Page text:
Summary and Contributions: The paper proves that it is possible to avoid the impossibility result on universal guarantee on the performance of top-down impurity based decision tree heuristics. The basis of the result is an extension that takes into account small sets of attributes instead of single ones and at each step chooses the expansion leaf and attribute on the basis of increasing noise stability.
Strengths: Showing achievable universal guarantee for arbitrary functions is a significant step in the area. Analogous approaches and result have recently appeared for subclasses of fucntions (e.g., monotone functions [ICML 2020]). The effective exploitation of the conncetion to noise sensitivity is also an interesting strong point.
Weaknesses: The main weakness is the quasipolynomiality of the bounds: size of the tree and complexity. It is not clear whether, due to the approach, this is actually improvable for arbitrary functions. It would be nice to argue at some more length the Remark 1, giving more details about the necessity of the attenuating factor and the existence, in its absence, of situations analogous to the impossibility result.
Correctness: As far as I can see all the claims appear to be sound and, the description of steps not fully included in the body of the paper is clearly managed.
Clarity: The paper appears to be clearly written and also the most involved parts are not difficult to follow.
Relation to Prior Work: The bibliografy and the related works are sufficiently discussed.
Summary and Contributions: This paper considers the problem of learning decision trees. You are given samples from a function f on the Boolean cube that is known to be computed by a size s decision tree. The goal is to produce a hypothesis h that is also a small decision tree and is close to f. It was known that simply looking at correlations is not a good idea, simple functions like parity of a few variables would defeat this algorithm. Indeed, I don't think there was any known algorithm that was guaranteed to return a "decision tree" of small size. This paper presents an algorithm of this type. - The learnt hypothesis h is a decision tree of size exp((log (s))^3) so it is superpolynomial in s. In fact, if the orgiinal function is not exactly computed by a small decision tree, then the error we get is O(opt) where opt is the error of the best size s decision tree. - The algorithm is based on a simple splitting criterion where you look at something called the low-degree influence of a variable rather than just correlations. - The only downside is that there is no simple way to compute low-degree influence. To compute degree d influences requires n^d time which is why their running time and size are not great.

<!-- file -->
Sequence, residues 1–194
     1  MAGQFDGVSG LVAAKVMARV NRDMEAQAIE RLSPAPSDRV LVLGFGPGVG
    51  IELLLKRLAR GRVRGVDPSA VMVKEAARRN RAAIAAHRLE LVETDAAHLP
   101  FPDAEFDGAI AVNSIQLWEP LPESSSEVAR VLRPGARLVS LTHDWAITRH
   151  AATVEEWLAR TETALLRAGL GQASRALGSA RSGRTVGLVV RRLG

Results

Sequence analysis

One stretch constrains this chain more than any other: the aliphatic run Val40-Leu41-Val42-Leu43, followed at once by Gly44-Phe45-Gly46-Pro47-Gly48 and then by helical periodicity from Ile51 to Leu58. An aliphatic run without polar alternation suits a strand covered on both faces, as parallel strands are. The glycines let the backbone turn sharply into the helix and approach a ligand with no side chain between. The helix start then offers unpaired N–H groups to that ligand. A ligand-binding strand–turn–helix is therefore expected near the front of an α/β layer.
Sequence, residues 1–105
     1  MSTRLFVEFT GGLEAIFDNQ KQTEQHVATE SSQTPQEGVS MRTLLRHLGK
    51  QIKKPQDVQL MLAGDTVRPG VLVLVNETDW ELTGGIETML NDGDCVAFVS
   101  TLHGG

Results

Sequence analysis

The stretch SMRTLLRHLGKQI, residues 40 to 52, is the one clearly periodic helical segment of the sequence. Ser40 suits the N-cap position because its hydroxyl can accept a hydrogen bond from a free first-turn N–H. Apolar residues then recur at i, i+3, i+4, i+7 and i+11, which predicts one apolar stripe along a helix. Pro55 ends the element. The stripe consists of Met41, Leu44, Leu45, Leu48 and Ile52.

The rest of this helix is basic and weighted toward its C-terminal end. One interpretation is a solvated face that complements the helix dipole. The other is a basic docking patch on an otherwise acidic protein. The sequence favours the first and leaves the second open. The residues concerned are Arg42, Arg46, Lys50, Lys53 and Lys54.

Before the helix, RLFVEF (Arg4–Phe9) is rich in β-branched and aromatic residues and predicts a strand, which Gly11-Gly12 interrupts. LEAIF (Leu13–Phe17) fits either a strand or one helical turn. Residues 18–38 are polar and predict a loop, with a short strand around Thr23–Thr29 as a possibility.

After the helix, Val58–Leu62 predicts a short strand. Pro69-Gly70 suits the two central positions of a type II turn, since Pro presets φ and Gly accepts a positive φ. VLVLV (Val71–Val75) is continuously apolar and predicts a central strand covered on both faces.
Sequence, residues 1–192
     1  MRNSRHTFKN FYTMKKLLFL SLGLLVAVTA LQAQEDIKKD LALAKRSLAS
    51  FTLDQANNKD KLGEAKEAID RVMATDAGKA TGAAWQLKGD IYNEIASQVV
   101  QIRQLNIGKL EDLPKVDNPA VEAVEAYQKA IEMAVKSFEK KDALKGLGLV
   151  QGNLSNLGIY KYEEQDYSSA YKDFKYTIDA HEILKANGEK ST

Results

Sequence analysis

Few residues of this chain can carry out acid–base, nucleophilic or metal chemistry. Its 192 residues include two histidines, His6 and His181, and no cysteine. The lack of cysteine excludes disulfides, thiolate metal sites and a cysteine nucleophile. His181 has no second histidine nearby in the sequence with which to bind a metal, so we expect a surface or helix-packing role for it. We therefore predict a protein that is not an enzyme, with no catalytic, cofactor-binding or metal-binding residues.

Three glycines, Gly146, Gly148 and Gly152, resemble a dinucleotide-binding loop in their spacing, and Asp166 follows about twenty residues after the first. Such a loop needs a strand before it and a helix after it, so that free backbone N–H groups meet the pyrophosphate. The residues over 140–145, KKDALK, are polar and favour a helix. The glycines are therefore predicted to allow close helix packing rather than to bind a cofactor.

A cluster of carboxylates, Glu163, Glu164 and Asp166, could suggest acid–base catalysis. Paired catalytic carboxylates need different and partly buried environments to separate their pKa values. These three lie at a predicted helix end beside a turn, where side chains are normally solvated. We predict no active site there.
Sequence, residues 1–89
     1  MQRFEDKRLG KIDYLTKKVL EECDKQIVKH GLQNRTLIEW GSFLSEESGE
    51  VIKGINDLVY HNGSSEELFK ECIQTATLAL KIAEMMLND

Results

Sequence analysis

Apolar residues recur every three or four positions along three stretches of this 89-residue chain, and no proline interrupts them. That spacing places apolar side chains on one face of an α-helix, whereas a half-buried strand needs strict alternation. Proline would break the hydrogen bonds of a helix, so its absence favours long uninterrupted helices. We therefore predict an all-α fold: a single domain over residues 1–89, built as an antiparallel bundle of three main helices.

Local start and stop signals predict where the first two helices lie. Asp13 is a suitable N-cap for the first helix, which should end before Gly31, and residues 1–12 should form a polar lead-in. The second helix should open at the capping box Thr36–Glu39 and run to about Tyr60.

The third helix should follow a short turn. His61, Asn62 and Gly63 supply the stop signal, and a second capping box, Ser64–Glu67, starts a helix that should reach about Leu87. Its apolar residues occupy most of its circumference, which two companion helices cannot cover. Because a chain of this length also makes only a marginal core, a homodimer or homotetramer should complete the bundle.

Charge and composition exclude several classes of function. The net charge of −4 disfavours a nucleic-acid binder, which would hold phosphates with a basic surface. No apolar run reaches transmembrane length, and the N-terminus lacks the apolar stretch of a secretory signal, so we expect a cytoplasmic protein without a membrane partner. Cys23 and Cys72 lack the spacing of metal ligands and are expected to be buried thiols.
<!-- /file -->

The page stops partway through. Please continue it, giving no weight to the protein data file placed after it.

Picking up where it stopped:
Strengths: This is a problem that has attracted considerable attention in the Fourier analysis/computational learning community. I would say that this will be regraded as an important result in that community. The result is strong, and the techniques (which rely on an old result by OSSS on influences in decision trees) are elegant.
Weaknesses: This is a purely theoretical result for a number of reasons: the model (learning a Boolean function from uniform examples), the problem statement, the running time. The advantage of top-down splitting rules is simplicity. The rules the authors suggest, which involve computing low degree influences are arguably not so simple. Well perhaps they are simple to state, but not to implement. In fairness, the authors do not claim otherwise. This paper fits well in a long line of work in theory (starting from Linial, Mansour, Nisan) on learning under the uniform distribution using Fourier analysis tools. A more theoretical venue (like say COLT) would expose this paper to an audience that can better appreciate the intricate Fourier analysis used in the proof. (But having said that, the authors chose to send it to NeuRIPS and it is clearly above the bar in my view).
Correctness: Yes, though I did not check the proof in detail.
Relation to Prior Work: Yes.
Summary and Contributions: The paper gives an decision tree learning algorithm in the agnostic setting with uniform distribution on the input. Both the domain and the range are binary. The running time and the size of the decision tree are super-polynomial. The paper employs techniques from Boolean analysis of functions.
Strengths: This appears to be the first work to give a decision tree learning algorithm with provable guarantees in a general agnostic setting. Their splitting criterion seems novel and is interesting.
Weaknesses: The paper is mainly of theoretical interest only as far as I can tell. The paper does not consider the question of practical application, even though in the motivation comparison with practical algorithms are invoked. Certainly, the proof technique would be hard to carry over to more general setting, but I wonder if the algorithm itself leads to interesting practical results. For that one would need to generalize the splitting criterion to these settings. Impracticality arises in part because of the complexity of the algorithm which is higher than those used in practice; but another important limitation appears to be restriction to binary domain with uniform inputs. While one may be able to extend it to other product distribution, it's not clear how to extend it to non-binary domains and non-product distributions. In a way, the hard examples cited at the beginning are not relevant in practice as they are unlikely to arise.
Correctness: I only read the main part of the paper which has the proof sketch. It appears correct.
Clarity: Well written.
Relation to Prior Work: Well done.
Additional Feedback: While \delta is taken as a parameter by the algorithm, it doesn't appear in the theorem statement. It's instantiated later in the proof. It would be useful to also specify it in the theorem statement.